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NEAR TRUTHS YEAR-END WRAP-UP, PART 2: CAPOS AND COPYRIGHTS

Read Part 1 here.

CAPOS AND COPYRIGHTS: The music-publishing world experienced a series of tectonic shifts in 2018. First and foremost, Sony completed its long-anticipated acquisition of EMI Music Publishing for $2.3 billion, thus moving Sony/ATV from giant to behemoth. What’s more, boss Marty Bandier, it was announced, would step down in 2019 and be succeeded by Warner/Chappell chief Jon Platt.

The exit of Bandier, who really invented the modern publishing game, from the major-pubco world alters the landscape considerably; Platt’s ascent to the SATV post, meanwhile, is but the latest stunning achievement in a truly marvelous career. Platt, in addition to transforming W/C’s business at home and abroad, has been a champion of diversity, as his empowering of such young execs as Carianne Marshall, Ryan Press and Katie Vinten, among many others, has amply testified—and for which he was justly acclaimed as the year’s City of Hope honoree. The deal to install longtime SATV player Guy Moot as Platt's successor in the leadership chair is said to be all but done. In which case Moot will, like Marty, have to contend with competing against Platt and the steadfast Jody Gerson, who continues to move from strength to strength at UMPG. Advantage Gerson: Unlike her competitors, she doesn’t have to build a new team.

Big changes went down at BMG as well at year’s end, with Zach Katz exiting and Hartwig Masuch empowering Thomas Scherer in L.A., John Loeffler in NYC and the Kos Weaver-Jon Loba tandem in Nashville. On the label side, Steve Greenberg broke Alternative troupe AJR. Katz had been the subject of much chatter as a possible player in the W/C saga, but early reports following his BMG exit suggested a different destination.

DIGITAL MANIPULATION: The tech sphere, too, saw major changes at the top. Just as Spotify’s stock hit the market—and ballooned stratospherically—there was an exodus of music people and others from the streamery (many of them cashing out after the company went public), notably industry-friendly figures like Troy Carter, Dave Rocco and key playlister Tuma Basa. Nick Holmstén became the key player in the new Spotify order, where the tech guys were clearly regaining control. The same appeared to be happening, in a smaller way, after Jimmy Iovine stepped down as Apple Music topper and Oliver Schusser became the point person for the House that the highly regarded Eddy Cue built; Larry Jackson, who is inextricably associated with Iovine’s reign, remains; his role under Schusser is unclear, and insiders wonder if he will fit in the new order. What will be done to make Zane Lowe and Beats 1 matter more?  In any event, reports say Apple has surpassed the Spot in U.S. subscribers, though the House of Ek still leads globally.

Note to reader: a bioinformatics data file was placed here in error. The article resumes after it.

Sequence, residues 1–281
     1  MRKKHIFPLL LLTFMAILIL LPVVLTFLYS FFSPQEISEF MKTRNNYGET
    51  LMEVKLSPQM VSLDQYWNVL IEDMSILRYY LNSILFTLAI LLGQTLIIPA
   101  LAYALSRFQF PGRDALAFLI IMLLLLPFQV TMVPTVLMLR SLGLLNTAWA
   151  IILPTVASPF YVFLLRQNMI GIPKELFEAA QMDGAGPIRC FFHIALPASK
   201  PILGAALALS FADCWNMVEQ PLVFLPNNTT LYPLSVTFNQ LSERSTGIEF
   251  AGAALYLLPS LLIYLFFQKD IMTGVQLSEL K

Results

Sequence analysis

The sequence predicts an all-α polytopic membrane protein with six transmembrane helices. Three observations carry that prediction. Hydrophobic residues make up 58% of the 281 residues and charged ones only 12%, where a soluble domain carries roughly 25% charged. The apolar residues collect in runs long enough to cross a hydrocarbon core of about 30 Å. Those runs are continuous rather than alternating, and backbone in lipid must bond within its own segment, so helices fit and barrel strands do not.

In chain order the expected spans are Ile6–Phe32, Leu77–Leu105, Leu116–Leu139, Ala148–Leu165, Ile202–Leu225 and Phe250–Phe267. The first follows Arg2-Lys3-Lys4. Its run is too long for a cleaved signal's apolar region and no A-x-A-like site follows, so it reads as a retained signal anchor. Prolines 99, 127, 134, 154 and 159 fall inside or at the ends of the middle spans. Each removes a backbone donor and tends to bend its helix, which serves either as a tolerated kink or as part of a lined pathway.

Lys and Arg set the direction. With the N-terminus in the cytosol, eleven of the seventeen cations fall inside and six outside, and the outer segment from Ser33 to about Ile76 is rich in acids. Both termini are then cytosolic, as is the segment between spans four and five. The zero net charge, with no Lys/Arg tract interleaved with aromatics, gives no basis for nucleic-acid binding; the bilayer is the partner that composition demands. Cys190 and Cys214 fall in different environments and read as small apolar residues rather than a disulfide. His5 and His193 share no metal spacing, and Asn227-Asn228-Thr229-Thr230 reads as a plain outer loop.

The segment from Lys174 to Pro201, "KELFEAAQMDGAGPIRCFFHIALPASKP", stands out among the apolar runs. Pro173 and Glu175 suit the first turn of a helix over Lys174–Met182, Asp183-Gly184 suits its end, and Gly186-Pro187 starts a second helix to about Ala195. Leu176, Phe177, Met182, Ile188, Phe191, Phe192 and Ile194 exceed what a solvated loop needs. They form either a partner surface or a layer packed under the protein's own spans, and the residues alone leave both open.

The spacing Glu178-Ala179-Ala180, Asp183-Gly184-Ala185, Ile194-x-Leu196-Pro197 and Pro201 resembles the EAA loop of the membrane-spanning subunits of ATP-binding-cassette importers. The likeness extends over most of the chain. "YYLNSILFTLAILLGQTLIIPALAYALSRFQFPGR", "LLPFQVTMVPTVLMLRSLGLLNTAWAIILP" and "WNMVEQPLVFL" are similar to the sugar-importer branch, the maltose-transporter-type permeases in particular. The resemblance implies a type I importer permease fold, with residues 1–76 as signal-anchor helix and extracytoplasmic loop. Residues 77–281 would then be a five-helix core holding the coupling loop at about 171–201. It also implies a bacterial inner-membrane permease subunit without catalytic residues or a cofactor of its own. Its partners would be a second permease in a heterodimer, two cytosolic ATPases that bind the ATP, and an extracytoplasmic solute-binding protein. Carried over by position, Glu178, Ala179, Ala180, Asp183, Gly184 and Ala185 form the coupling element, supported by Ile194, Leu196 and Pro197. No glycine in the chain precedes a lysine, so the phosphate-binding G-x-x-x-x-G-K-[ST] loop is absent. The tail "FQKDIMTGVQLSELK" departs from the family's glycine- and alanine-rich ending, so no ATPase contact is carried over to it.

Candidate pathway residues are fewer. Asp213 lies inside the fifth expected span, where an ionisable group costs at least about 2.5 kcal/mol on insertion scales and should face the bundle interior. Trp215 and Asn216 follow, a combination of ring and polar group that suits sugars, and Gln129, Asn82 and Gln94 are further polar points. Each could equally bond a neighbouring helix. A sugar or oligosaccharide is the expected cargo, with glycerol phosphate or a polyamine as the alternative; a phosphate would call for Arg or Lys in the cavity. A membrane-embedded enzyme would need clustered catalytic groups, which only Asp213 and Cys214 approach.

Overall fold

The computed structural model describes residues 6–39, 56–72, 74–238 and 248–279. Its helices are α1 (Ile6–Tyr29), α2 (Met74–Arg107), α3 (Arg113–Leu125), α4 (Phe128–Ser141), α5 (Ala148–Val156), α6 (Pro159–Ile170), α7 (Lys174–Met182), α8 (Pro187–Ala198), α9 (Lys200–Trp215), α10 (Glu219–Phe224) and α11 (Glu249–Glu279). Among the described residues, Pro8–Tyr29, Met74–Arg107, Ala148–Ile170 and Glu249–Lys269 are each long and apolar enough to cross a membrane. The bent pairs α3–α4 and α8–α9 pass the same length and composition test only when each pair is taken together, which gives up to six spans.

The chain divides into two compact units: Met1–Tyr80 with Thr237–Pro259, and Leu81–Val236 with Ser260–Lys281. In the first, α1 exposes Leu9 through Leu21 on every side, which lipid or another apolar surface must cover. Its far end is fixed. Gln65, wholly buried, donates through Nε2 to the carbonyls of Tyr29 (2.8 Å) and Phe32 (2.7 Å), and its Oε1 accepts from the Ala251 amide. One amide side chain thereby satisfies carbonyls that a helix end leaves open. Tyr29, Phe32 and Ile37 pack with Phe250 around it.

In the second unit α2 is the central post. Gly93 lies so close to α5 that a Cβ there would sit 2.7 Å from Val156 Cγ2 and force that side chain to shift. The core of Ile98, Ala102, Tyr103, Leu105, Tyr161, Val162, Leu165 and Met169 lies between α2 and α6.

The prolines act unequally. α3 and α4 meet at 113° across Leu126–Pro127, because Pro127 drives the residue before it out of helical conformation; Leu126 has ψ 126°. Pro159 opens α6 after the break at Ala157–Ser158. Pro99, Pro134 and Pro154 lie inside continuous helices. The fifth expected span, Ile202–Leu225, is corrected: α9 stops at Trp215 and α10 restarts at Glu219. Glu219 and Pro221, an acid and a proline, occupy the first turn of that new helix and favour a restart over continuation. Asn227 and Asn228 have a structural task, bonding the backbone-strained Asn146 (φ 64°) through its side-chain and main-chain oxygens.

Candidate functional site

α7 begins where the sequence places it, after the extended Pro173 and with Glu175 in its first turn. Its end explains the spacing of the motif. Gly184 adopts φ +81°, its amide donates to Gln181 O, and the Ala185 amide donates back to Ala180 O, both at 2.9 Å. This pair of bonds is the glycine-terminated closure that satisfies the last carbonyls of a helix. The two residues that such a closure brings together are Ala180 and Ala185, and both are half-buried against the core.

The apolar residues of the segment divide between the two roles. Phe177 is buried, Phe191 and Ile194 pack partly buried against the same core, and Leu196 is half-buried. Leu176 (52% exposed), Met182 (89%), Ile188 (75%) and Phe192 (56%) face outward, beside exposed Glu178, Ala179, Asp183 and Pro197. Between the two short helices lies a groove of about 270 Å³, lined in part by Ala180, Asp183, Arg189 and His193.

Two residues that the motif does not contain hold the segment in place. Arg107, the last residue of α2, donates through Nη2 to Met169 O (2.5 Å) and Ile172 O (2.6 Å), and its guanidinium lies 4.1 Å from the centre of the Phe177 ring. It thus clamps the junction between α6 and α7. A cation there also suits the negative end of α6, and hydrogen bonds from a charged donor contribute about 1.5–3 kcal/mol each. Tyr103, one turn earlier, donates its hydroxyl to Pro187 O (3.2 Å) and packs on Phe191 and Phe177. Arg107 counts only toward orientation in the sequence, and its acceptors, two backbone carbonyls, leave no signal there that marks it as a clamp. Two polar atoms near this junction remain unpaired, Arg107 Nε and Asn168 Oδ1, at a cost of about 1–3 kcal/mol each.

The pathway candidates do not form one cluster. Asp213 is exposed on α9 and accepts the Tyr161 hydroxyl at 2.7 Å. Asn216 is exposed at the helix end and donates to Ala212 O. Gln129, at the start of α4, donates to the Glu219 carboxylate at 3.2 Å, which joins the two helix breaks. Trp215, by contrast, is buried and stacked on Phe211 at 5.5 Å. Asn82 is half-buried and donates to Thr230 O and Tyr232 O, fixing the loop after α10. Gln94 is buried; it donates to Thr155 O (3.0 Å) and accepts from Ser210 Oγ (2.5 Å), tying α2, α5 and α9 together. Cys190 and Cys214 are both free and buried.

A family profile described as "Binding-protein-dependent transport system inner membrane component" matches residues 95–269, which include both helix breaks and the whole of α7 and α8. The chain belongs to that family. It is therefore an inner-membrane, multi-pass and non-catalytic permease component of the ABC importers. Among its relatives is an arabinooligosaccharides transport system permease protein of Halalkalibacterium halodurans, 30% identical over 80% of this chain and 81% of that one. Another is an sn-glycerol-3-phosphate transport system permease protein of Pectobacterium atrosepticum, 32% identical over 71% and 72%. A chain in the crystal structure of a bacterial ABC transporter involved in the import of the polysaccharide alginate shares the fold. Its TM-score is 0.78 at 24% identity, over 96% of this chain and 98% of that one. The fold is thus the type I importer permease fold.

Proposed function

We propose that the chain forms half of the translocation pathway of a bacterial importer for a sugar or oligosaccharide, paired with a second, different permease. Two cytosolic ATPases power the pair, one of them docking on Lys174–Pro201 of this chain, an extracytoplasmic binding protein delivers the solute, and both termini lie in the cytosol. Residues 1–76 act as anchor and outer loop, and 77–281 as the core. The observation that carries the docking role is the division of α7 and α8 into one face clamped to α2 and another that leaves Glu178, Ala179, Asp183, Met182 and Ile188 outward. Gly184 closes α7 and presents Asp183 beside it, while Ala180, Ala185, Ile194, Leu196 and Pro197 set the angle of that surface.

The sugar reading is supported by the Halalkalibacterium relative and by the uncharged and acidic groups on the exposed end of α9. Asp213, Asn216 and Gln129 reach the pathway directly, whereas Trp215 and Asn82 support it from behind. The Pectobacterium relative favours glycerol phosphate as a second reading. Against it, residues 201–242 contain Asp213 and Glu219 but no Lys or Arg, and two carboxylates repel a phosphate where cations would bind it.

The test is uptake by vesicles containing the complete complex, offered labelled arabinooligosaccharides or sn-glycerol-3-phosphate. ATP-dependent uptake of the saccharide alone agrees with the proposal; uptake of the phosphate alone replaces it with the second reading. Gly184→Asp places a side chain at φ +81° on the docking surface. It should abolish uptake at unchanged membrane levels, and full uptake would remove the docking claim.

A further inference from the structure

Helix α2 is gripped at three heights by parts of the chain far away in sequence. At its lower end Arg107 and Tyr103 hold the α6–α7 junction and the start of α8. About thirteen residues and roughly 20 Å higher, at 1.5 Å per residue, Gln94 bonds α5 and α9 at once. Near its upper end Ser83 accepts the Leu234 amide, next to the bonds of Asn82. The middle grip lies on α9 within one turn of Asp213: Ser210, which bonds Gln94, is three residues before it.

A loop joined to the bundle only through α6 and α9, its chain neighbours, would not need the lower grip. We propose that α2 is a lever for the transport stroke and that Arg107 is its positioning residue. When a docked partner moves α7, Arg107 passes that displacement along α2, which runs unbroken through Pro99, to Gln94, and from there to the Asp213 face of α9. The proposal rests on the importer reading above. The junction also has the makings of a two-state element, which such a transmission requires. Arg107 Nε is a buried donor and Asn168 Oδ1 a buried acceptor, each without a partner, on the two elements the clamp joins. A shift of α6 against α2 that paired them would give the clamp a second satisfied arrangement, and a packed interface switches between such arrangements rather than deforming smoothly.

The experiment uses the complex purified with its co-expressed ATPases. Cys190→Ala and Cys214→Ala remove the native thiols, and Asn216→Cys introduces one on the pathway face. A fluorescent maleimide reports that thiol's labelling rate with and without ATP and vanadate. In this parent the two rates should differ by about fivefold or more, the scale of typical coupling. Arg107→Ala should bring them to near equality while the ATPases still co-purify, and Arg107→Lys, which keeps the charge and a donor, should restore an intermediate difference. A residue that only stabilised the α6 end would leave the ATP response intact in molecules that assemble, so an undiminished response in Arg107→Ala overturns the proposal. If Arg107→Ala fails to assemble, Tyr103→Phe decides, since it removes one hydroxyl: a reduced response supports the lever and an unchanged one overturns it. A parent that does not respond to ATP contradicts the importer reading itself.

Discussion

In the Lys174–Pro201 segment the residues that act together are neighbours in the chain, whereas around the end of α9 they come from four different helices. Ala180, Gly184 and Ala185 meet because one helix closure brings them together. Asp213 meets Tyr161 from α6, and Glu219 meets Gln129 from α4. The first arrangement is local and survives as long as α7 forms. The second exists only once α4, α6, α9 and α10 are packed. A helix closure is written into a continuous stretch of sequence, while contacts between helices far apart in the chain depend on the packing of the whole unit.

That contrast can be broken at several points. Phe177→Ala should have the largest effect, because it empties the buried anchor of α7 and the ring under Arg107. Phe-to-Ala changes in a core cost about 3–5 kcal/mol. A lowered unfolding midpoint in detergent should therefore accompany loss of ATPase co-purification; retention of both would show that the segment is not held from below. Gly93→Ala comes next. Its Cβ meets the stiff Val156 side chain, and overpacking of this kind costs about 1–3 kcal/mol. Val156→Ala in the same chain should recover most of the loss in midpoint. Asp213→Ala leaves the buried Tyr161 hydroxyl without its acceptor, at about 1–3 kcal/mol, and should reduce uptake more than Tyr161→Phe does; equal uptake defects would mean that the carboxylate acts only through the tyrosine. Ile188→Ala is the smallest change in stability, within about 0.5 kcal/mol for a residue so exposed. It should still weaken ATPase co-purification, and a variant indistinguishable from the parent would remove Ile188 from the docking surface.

Meanwhile, Amazon has clearly gained marketshare and made considerable ground in winning industry hearts and minds. With voice activation powering streaming growth among its upper-demo users and Steve Boom’s team adding familiar biz faces like label veteran Dan McCarroll, Amazon has emerged as just the kind of tech partner the industry is looking for.

SoundCloud, which has been a goldmine for undiscovered streaming talent, made its most biz-friendly move in recent memory at year’s end by tapping former Sony exec Lisa Ellis as global head of music and artist relations. Does the move signal a pivot by the streamery?

And then there’s YouTube, which has suffered a litany of embarrassments thanks to Head of Music and industry punchline Lyor Cohen, whose crusade against Article 13 of the European copyright directive—in a vain and shameless bid to avoid responsibility for infringing content—is going about as well as Trump’s defense against Mueller. It’s said that the anti-13 campaign, like Cohen’s job, is circling the drain. Keep blogging, dude; you’re almost as persuasive as the President’s tweets. See you at Madeo?

Meanwhile, Pandora, a tech pioneer with a huge user base that has nonetheless struggled for years, was acquired this year by Liberty Media and added to a media portfolio that includes SiriusXM and a big chunk of Live Nation. (Pandora’s successful interface with the biz was helmed by VP Jeff Zuchowski.) News reports have had iHeartMedia—of which Liberty already holds enough debt to own 5% post-bankruptcy—squarely in the company’s sights, perhaps for a 1/3 acquisition. This naturally spurred much speculation about what sort of multi-platform money machine might be fashioned from these disparate parts—and whether Live Nation boss Michael Rapino was exactly the right guy to preside over such a hybrid. While talk also swirled that John Malone and Greg Maffei’s Liberty crew might want to add part of UMG to the mix if it were indeed floated by Vivendi, the music company’s leadership is said to have no interest in such a configuration.

BIG-TICKET ITEMS: As for Live Nation, Rapino’s giant continued to soar on record earnings, wrapping up the year with a company-best quarter ($3.8 billion in revenue).

And then there’s Irving Azoff. The mega-mogul bought out Madison Square Garden’s 50% of Azoff MSG for $125m—once again paying pennies on the dollar to retrieve a property he sold for a pretty penny—and renamed it, humbly enough, The Azoff Co. With Full Stop Management (co-run with son Jeffrey and Brandon Creed), Oak View Group and PRO Global Music Rights, the Swirv is prepared to stir up the shit bigtime in 2019. He added Travis Scott and Maroon 5 to his management stable, while tours by Fleetwood Mac, Grateful Dead and The Eagles have led to the company’s biggest year ever.

 

Read Part 1 here.

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